Biden Administration Expands War on Critical Natural Resources

(Mike Gleason, Money Metals) Fears of inflation remaining stubbornly high, and interest rates going higher, rattled financial markets this week.

On Wednesday, the Federal Reserve left its benchmark funds rate unchanged as expected. However, Fed chairman Jerome Powell left the door open for another hike in the near future. He also suggested rates may need to stay higher for longer than previously expected.

By Thursday, investors were fleeing from stocks and bonds. The S&P 500 broke down to a three-month low as long-term bond yields surged to their highest levels in more than a decade.

There were few places for investors to find shelter from the carnage except in precious metals markets.

Gold prices now are trading nearly flat for the week at $1,938 an ounce. Silver, meanwhile, is outperforming – up 2.3% since last Friday’s close to bring spot prices to $23.78 an ounce.

Earlier in the week, crude oil futures ran up to a new high for the year above $92 per barrel. Oil prices pulled back following the Fed announcement. Some commodity analysts still see the potential for crude to exceed $100 per barrel before the end of the year.

Americans are feeling the pain at the pump. Motorists in some parts of California are now paying over $6.00 per gallon to fill up their gas tanks.

It’s not just an inflation problem. America is also facing a resource scarcity problem.

The Biden administration moved recently to crimp energy production out of Alaska by cancelling oil and gas leases on hundreds of thousands of acres of land, this despite the fact that top elected officials from Alaska as well as Native American groups opposed the move.

The administration has also drained America’s strategic petroleum reserve down to a multi-decade low. Despite promises to refill it, America’s oil reserves continue to remain historically low, leaving the country vulnerable in the event of an emergency.

Russia announced this week that it will ban exports of gasoline and diesel fuel to most countries, further crimping global supply chains.

Meanwhile, the U.S. continues to be dependent on China for supplies of critical metals used in electric vehicles and other technologies. The Biden administration risks increasing that dependence by threatening to impose royalties on metal producers operating under federal land leases.

The government is not able to collect royalties on minerals extracted from federal lands under a law that has been in force since 1872. But the Biden administration wants to change that. It proposes taking an 8% cut on the copper, gold, silver, and other metals extracted by miners.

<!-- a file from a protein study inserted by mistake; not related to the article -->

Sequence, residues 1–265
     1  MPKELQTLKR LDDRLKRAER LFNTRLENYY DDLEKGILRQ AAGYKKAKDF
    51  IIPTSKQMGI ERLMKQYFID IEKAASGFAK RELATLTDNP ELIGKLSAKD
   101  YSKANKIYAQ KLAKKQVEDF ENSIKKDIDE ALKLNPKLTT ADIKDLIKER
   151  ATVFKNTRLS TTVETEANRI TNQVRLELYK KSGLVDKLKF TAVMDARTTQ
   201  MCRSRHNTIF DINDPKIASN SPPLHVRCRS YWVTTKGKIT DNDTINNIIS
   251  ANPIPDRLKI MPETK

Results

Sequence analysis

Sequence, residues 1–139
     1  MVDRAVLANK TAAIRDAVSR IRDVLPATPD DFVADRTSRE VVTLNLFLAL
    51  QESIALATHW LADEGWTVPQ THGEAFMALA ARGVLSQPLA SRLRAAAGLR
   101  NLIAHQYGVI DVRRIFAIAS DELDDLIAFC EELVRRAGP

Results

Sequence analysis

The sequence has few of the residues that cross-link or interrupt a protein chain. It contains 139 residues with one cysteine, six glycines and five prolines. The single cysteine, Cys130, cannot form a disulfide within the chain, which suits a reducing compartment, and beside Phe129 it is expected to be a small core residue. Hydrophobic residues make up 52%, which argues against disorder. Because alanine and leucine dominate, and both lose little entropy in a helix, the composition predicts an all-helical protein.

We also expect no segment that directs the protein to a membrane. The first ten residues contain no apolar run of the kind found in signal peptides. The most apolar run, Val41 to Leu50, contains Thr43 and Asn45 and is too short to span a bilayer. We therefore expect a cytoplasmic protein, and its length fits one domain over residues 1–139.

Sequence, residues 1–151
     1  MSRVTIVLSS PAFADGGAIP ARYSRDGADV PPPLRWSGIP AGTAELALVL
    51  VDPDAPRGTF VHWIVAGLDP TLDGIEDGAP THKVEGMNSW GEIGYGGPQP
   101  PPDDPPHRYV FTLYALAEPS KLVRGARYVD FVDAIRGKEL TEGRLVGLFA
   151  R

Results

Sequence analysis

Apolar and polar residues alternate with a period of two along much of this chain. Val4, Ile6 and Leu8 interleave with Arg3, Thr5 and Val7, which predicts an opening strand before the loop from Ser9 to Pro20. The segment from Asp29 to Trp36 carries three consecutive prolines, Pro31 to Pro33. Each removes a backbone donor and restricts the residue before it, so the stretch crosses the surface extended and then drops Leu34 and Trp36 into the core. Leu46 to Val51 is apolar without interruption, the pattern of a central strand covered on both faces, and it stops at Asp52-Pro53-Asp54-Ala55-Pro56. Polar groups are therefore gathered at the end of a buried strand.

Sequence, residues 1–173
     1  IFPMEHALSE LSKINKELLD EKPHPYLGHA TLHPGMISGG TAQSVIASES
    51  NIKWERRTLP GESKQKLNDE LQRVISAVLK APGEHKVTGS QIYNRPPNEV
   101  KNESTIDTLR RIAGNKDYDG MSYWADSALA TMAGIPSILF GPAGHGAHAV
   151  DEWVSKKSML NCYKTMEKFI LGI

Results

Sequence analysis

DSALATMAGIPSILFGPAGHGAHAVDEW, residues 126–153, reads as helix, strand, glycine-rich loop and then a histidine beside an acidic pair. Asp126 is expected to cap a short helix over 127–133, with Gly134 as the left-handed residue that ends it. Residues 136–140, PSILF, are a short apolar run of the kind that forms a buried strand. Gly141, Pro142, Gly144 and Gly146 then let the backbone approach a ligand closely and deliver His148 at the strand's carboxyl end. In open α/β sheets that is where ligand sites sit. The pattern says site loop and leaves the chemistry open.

At a time when the mining industry is already struggling with rapidly rising operating costs, government demands for royalties could drive some producers to operate elsewhere or significantly reduce their output.

Domestic mining and energy companies are also finding it difficult to obtain financing under new regulations that discourage banks from lending to carbon-emitting industries.

President Joe Biden claims that his policies are bringing down inflation. But restricting domestic supply of resources does the opposite. It puts upward pressure on prices.

The administration seems to believe it can work around the problem by aggressively pushing electric vehicle mandates and launching government programs aimed at transitioning the country to alternative energy. It is now launching a so-called “Climate Corps” program that will create more than 20,000 jobs for people who are supposedly going to combat climate change.

Whether they will have any measurable effect on global temperatures is in doubt. But the tens of billions of dollars they will receive in government funds will doubtlessly add to the national debt.

That debt just surpassed $33 trillion, by the way. And nobody in Washington, Republican or Democrat, seems to have any idea of how to pay it down. But servicing that debt is going to get a lot more expensive thanks to higher interest rates.

Individuals and businesses who face overwhelming debt burdens risk having their credit lines cut off if they don’t scale down their spending.

The political class in Washington feels no such urgency to get its finances in shape. That’s because it has access to a printing press. Even though the U.S. government’s credit rating was downgraded this summer, the Federal Reserve won’t hesitate to buy up Treasury bonds in unlimited quantities whenever the need arises.

Under our fiat monetary system, staving off a sovereign debt default is always possible. But it comes at a cost. That cost is paid through the inflation of the currency supply and the resulting devaluation of the currency’s value.

The risk is that given prevailing fiscal and political trends, central bankers may never be able to get inflation back down to target again.